You came up through the ranks as a multimedia journalist. Is the pandemic accelerating a shift to where MMJ skills are going to be essential for most newsroom personnel?

The more skills that you know how to do help you understand the people around you even if you don’t use them. I am a news director and occasionally I still edit things just because I enjoy it. I understand what it takes to edit a show, to get a live shot. Because I have done them, I can better support the team around me.

I am hearing from my staff and other journalists in my network that they want to do more things. The idea of the being multiskilled isn’t new from the pandemic. People in other industries are learning new skills and trying to keep up with the demands of the world we live in. I have not seen a change in the value of that.

When I see at-home studios that look beautiful and are amazingly well lit, I uncover a lot of MMJs in those scenarios. In the same way when there is a studio that is struggling or a station doing a lot of remote and it doesn’t meet the standards of what we think production should look like, I often find there aren’t very many MMJ skills.

Are you starting to envision what more permanent post-pandemic newsroom workflow changes are going to look like?

That is a question we have continued to ask ourselves from the very beginning. Every day is so different. Things that might work for certain days might not work for others.  The team misses seeing each other. There are opportunities for more remote work and better uses of technology that make sure that we are spending our time creating great stories and coaching opportunities and not wasting as much time in meetings. All of that will move forward, but there is nothing that we can do to replace spontaneous brainstorming. We want to come back to that human interaction that is important for us to build relationships and is good for our mental health.

You have an extensive background as a digital director for Tegna before becoming a news director. How have you been able to draw on that experience to manage your remote working conditions?

The things that we did to prepare ourselves to be a content team — making sure we can use analytics to understand things and communicate — have poised us to do really well in the pandemic. We were already using communication tools like Slack, different closed Facebook groups and remote contributions and an app for communication. When you put the right tools in the hands of your team and you train them well, magic will happen.

How are you grappling with viewer trust right now?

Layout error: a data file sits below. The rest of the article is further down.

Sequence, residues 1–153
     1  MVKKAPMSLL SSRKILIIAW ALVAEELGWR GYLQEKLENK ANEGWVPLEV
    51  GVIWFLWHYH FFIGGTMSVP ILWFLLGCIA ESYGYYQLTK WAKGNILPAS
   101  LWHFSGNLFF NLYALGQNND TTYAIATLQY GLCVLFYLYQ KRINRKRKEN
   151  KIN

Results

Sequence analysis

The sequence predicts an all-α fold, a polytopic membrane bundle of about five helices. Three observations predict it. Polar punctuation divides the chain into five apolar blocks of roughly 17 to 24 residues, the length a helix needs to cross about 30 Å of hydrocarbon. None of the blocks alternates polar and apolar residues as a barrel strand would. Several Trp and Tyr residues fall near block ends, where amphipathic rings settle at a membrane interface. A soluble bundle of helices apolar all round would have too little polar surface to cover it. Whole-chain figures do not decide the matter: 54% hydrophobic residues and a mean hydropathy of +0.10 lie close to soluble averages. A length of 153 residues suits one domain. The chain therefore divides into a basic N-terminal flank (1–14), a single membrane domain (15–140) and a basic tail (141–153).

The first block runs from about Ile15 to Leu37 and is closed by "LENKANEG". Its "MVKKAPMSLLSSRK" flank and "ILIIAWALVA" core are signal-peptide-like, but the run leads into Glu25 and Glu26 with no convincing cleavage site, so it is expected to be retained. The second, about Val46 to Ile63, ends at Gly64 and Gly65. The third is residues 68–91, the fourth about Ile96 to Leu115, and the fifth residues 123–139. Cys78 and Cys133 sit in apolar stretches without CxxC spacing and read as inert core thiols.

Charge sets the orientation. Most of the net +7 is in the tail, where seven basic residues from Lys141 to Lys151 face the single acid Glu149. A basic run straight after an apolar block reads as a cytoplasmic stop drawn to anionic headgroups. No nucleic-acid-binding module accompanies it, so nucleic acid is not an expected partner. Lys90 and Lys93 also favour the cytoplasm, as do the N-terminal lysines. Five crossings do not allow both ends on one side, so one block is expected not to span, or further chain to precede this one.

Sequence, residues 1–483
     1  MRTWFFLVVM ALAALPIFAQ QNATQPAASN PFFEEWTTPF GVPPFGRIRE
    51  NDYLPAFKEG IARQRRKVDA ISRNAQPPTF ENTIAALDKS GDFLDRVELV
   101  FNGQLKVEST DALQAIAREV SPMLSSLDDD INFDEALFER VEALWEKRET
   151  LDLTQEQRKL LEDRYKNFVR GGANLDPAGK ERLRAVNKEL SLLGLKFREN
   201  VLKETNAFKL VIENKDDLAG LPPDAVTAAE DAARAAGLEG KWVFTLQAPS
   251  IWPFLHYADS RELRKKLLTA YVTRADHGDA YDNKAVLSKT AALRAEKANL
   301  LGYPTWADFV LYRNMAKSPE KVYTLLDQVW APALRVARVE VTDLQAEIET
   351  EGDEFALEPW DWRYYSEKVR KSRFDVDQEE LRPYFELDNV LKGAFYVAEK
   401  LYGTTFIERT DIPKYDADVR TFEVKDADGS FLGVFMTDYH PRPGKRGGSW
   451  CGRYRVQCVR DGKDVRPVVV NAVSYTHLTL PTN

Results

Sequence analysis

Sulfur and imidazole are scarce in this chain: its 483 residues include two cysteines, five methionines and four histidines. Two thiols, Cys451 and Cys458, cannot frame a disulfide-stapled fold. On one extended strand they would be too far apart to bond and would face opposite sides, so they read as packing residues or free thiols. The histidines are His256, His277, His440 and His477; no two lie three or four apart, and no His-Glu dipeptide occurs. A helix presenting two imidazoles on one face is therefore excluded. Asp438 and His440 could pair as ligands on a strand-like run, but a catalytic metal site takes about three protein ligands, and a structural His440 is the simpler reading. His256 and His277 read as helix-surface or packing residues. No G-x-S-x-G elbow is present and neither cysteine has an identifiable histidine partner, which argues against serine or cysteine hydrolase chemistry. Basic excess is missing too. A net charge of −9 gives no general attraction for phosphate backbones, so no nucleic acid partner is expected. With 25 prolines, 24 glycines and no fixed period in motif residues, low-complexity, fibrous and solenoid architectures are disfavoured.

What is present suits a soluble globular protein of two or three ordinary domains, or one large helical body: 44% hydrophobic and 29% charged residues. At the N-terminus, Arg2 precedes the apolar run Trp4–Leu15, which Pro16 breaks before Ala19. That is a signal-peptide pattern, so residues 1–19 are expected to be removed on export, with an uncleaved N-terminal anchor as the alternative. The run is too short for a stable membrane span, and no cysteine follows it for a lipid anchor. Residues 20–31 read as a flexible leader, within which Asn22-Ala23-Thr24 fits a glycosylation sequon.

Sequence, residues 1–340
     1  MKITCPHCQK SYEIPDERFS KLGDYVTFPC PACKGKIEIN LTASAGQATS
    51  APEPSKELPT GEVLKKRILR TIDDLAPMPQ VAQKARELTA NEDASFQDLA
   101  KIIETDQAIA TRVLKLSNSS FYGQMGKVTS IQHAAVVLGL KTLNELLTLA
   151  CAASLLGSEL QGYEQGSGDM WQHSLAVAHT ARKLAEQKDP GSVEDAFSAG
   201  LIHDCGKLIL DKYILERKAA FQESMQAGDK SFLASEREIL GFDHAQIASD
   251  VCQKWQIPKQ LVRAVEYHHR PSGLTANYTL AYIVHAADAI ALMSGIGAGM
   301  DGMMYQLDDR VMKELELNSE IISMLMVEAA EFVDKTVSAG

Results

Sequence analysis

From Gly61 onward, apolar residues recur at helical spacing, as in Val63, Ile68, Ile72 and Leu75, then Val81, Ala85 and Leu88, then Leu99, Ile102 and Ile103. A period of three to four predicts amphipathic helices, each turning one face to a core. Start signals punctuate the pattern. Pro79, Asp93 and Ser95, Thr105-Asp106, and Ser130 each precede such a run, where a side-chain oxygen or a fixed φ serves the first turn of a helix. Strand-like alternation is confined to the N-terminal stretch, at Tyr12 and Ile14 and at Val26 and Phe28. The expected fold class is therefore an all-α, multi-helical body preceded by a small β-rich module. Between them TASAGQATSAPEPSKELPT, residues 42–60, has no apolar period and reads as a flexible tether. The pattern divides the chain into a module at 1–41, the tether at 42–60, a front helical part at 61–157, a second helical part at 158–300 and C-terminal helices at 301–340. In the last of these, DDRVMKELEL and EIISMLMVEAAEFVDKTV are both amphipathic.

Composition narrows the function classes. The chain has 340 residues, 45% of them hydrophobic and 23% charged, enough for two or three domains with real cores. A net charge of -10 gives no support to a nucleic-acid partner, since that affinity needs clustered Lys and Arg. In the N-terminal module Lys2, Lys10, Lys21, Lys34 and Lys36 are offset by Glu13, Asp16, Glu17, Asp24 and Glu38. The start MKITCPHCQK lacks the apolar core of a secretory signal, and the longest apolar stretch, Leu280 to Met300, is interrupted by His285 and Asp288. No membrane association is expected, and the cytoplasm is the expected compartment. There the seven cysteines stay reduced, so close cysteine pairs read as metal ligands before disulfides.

Facts are more important today than they have ever been. Cutting out the noise and focusing on facts is our job. Whether you are talking about the pandemic, taxes or stimulus checks, if you keep going back to that facts you will never go wrong.

It’s really important to be able to be transparent. Here is something you want us to investigate, here are the experts, here are the sources — really laying that down for people. Often times people get it. It doesn’t mean they necessarily agree, but they understand and appreciate the transparency.

We spend a good bit of time battling through data at city, county and state levels. Making sure that we build data sets that are dependable is not an easy thing to do, but it is worth it for us because the data tells the truth.

How are you helping your journalists to get through the relentless pressure that they are still facing both in the field and on social media, where reporters everywhere are taking so much heat?

It has been a challenging year for everybody. All I can do as a leader is to try to be empathetic and accountable for the work that we do. We are a support system for each other. We all believe in the work that we do, or we wouldn’t be doing it. I have heard from my team that with all of the big stories that we covered, they are recommitted to this career and this calling.

It’s important to help us be aware of our own mental health and the mental health of our coworkers. Tegna has made Teledoc [a provider of telehealth and telemedicine services] and being able to talk through things with people very accessible.

Leaders in newsrooms have big shoulders. If [journalists] are feeling attacked or overwhelmed, say it is OK to step away from it. I will monitor it, respond to it, handle it. That is what good leaders do in these kind of situations — let people have room to breathe. It is my job to give them room to breathe.

Julie Wolfe, news director at Tegna’s WHAS Louisville, Ky., has tackled hiring and training new personnel during COVID by leaning on pre-pandemic habits. Those include constantly networking even before newsroom positions open, lots of… Click To Tweet